The possible influence of the size variable warrants further investigation if we want to gain a clearer understanding of media and politics in the Nordic region, as well as in media-related research more generally. I argue that it could be helpful to expand relevant research from academic fields that have focused on small states and size, and relate this work to the study of media and politics. Building on the work on the five traits of small states (Sarapuu, 2010) and research that has been carried out on small states in relation to the size variable – as well as my own work on political communication in Iceland (Ólafsson, 2019) – I propose the construction of frameworks that highlight four dimensions of “scaled down” political communication dynamics: offline network density, online network density, mobile multifunctionality, and flexible autonomy. These dimensions are not meant to be all-encompassing, but rather a useful roadmap for exploring avenues of further research. They outline assumptions in the existing literature before illustrating how the small state angle expands the research agenda.

The first dimension (offline network density) confronts the following assumption in much of the political communication literature on the national level: Media and political elites routinely operate in private spheres detached from the public. In political communication research, this separation is understood to influence the relationship between politicians and journalists and political news content. The politician-journalist relationship has often been examined in relation to private spheres such as Westminster or the Folketing in Denmark, both through individual case studies and in comparative studies (e.g., Davis, 2010; Van Aelst et al., 2010). The professional closeness between the two sides has raised various questions, such as how proximity in this setting possibly impairs journalists’ independence.

I argue that this framework has limitations when examining politician-journalist relations in small states. In Iceland, for example, there is currently only one journalist based in the parliament; therefore, most of the daily working interactions between journalists and politicians do not take place there. But this does not mean that politicians and journalists are not close – they are, in fact, very close. In a small society, it is much more likely that you already know people you need to work with professionally, or that you know someone who knows that person.

So what does this mean for examining the relationship between journalists and politicians in small states? Instead of focusing on their intense professional interactions within institutional sites of power, we must expand how we conceptualise the relationship. It is not based mainly on professional closeness. Instead, the social closeness factor related to size shows that we need to examine how social proximity, as well as proximity to the public, affects their relationship. This is a key difference from the studies on politican-journalist relations in larger states, including the other Nordic states (e.g., Dindler, 2015), where the public is routinely ignored when examining politician-journalist relations.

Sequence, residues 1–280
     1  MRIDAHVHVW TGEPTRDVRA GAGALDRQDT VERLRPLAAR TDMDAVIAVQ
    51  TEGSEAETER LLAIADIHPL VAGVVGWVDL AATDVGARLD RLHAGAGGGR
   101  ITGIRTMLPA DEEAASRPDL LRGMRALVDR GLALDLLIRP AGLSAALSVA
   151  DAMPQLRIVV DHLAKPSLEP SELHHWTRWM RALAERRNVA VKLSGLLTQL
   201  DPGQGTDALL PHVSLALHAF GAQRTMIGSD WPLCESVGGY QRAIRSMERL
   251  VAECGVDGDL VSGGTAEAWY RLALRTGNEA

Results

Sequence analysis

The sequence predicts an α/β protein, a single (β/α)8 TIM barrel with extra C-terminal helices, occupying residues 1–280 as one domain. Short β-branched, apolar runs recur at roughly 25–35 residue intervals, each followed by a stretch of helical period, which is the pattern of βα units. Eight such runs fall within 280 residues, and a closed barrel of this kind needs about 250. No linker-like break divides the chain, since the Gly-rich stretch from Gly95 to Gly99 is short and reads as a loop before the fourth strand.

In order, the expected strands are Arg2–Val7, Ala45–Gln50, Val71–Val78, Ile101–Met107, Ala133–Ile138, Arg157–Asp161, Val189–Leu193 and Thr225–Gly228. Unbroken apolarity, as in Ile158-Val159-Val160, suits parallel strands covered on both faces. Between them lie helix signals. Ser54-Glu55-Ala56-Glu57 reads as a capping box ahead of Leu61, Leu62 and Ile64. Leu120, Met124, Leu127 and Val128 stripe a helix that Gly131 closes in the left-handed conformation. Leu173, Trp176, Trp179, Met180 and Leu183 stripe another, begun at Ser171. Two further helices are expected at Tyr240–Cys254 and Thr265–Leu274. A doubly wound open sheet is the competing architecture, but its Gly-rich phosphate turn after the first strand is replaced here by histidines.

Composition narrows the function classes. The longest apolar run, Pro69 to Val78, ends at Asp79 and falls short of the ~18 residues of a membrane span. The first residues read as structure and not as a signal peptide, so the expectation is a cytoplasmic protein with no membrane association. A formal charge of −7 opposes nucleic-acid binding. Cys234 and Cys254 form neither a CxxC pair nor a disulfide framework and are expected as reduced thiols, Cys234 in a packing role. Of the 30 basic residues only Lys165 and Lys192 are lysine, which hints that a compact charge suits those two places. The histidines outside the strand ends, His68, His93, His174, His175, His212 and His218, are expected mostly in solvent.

The second dimension (online network density) moves the discussion to underlying assumptions in the ever-expanding literature concerning online political communication interactions. Much of the existing work shows the following: Politicians mainly engage in one-way digital broadcast style communication, and there is limited engagement with citizens online (e.g., Jungherr, 2016). I argue that an underlying assumption guides much of this work: There is a level of distance between politicians and citizens offline, which is replicated in the online communication ecology.

Debates concerning the democratic potential of the internet are often discussed in terms of techno-optimism and techno-pessimism. On the optimist side, much of the literature has focused on the internet's potential for breaking down barriers between politicians and citizens. The argument against the internet being an enhancer of democracy is commonly discussed in connection to societal inequalities. This can be related to the normalisation hypothesis, which focuses on how relationship patterns online resemble those of the real world (e.g., Koc-Michalska et al., 2016). What most of the empirical studies on politicians’ behaviour on social media reveal is that they interact infrequently with other users. Politicians mainly replicate existing messages and campaign modes online and engage in a very limited way with users (e.g., Stier et al., 2018). This suggests a much stronger case for the normalisation hypothesis as opposed to the democracy-enhancing two-way interaction argument.